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Musicians face the long, tough road to success

August 16, 2007|By JESSICA ZENTMEYER

Local musicians face perils of failure in their pursuit of success, yet many boldly aim high for success.

"It's the same thing that drives you to get good at an instrument; there is a passion about it," said Steve Whiteman from Boonsboro, former frontman of Kix - a rock band that reached its pinnacle in the '80s - and current leader of Funny Money. "It's that appreciation in that initial reaction (of an audience). There's no drug in the world that matches that. Once you do it, you're hooked."

Even with passion, musicians' prospects are less than desirable. The U.S. Bureau of Labor Statistics reported, in typical bureaucratese, that "the vast number of persons with the desire to perform will continue to greatly exceed the number of openings. Talent alone is no guarantee of success."

Of the 249,000 jobs held by musicians, singers and related workers in 2004, about 40 percent had to work part time and almost half were self-employed, the BLS reported. Even if musicians do achieve salary status, the median salary reported in May 2004 was less than $35,000.

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'People like it; I like it'

Making a career as a musician is hard. So why are local artists still pursuing musical careers in the face of discouraging prospects? For Whiteman, it's about people.

"It's not that I want to be famous," he said. "It's that I want to do this night after night after night because people like it and I like doing it."

Whiteman began playing drums at a young age after he saw The Beatles play on "The Ed Sullivan Show."

"I decided that's what I'm doing," he said. "It's a passion some people are born with and I have it."

His passion and hard work took him, along with Kix bandmates Ronnie Younkins, Brian Forsythe, Mark Schenker and Jimmy Chalfant, on a wild ride in the '80s. They found themselves in posh recording studios and playing arenas with headliners like Aerosmith and AC/DC.

However, the band had a different understanding of the terms of its contract with its label, Atlantic Records, as Whiteman and other Kix members learned when they went to claim their anticipated "big, fat check."

"They [Atlantic Records executives] said how happy they were with how things went. We discussed the next effort," Whiteman said. "Then they said, 'Boys, great job. Great record. Now you only owe us a million dollars.' We thought they'd give us a big album, but we were still in debt."

Even with efforts for another hit record, Kix's final record, "Hot Wire" in 1991, was squelched by the introduction of grunge rock. "We knew it was done with Atlantic and asked to be let go."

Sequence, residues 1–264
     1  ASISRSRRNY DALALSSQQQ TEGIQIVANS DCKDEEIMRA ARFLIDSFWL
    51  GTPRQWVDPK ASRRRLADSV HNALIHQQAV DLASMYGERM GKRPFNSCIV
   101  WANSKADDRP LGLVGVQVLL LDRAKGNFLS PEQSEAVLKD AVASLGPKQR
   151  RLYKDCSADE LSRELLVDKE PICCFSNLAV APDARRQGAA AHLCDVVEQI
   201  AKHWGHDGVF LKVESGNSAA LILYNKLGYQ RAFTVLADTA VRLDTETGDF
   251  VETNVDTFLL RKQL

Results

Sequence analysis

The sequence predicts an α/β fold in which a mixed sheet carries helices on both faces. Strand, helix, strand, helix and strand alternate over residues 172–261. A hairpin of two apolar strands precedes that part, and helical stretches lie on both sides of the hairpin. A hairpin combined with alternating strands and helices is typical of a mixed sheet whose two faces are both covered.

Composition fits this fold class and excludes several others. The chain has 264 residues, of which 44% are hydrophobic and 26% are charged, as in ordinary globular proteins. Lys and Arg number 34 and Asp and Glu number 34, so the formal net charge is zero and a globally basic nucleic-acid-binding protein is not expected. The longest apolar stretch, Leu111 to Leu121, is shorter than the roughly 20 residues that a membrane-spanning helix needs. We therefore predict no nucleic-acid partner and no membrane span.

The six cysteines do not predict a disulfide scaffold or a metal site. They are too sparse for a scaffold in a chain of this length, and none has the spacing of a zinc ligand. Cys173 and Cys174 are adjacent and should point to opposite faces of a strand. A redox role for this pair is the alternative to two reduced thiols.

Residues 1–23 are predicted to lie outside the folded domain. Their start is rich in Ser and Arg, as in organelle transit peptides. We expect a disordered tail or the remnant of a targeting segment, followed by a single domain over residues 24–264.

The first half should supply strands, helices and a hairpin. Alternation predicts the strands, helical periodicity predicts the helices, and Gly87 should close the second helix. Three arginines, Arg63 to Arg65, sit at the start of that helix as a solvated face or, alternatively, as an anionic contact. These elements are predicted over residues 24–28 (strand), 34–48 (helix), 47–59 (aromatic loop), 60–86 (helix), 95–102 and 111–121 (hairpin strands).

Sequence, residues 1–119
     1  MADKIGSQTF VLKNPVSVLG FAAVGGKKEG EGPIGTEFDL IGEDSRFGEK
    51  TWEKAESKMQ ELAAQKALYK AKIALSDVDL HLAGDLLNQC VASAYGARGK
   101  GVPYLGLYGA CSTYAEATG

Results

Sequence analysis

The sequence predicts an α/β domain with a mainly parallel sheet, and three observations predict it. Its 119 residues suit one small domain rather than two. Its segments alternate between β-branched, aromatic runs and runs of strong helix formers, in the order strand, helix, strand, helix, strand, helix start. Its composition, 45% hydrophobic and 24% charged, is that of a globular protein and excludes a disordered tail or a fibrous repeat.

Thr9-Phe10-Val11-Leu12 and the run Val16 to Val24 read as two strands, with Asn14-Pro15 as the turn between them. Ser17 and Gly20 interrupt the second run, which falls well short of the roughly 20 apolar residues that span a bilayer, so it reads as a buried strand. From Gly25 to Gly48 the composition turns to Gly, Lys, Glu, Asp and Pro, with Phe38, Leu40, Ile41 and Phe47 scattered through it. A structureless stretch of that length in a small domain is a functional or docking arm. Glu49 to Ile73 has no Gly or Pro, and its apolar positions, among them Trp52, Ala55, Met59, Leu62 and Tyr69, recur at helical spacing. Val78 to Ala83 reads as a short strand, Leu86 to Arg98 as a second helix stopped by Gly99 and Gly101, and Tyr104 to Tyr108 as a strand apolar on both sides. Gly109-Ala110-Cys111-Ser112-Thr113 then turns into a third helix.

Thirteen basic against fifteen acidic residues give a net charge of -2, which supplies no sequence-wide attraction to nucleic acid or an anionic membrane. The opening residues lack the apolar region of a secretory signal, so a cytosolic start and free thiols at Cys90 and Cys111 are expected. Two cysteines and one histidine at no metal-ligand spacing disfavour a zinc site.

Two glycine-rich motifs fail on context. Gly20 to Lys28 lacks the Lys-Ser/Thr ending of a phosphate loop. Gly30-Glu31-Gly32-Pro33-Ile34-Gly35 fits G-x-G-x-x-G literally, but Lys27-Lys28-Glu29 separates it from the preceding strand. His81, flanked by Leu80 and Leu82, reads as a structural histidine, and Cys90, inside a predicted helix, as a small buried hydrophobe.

Whiteman now fronts Funny Money with drummer Chalfant, guitarist Rob Galpin, and bassist and producer Mark Schenker. He is still enjoying what he does and believes himself to be successful.

"Anyone who can make a living and play music and do what they love to do is making it," Whiteman said. "I started playing when I was 8, and, that I am still doing it at 50, in that sense, I've made it."

'I love performing'

Eric Avey of Waynesboro, Pa., is in the music business to succeed in the same manner. The father of three performs in five groups: The Boro Boogie Pickers, Emmitt Kellar, The Ringers, Gubment Cheese and Acoustic Earth Worm. Avey's definition of success is to live comfortably and make a salary from writing music, but one group doesn't provide that security.

"I'm not making much money," Avey said. "That's why I play so much." Some days stretch from 6 a.m. until 2 the following morning. "But I love performing," he said. "I love everything about it."

Shortly after Avey picked up drumsticks, he was playing with a band for the first time. That was in 1997. He taught himself drums, bass, keyboard and guitar. Avey said he does not dream of moving to Los Angeles and touring the country. He just wants to tour around the Tri-State area and earn a salary that would provide a comfortable life for his family.

Fame and fortune

The Blue Sky Traffic from Smithsburg seeks success on a bigger scale. Vocalist and guitarist Justin Kalk, bassist and vocalist Stephen Britton, keyboardist Brent Burgee and drummer George Hickey Jr. work together toward worldwide fame.

They tasted the glamorous life of a celebrity when they competed on NBC's Internet reality show "Star Tomorrow" in 2006. Since then, Britton experienced his definition of success: "Walking the red carpet and drinking champagne with celebrities." He attended Stevie Wonder's birthday party in the Bahamas and traveled to Berkshire, England, to schmooze at Elton John's ninth annual White Tie and Tiara Ball earlier this year. In England, he shook hands with David Foster, who produced an album for the winner of "Star Tomorrow."

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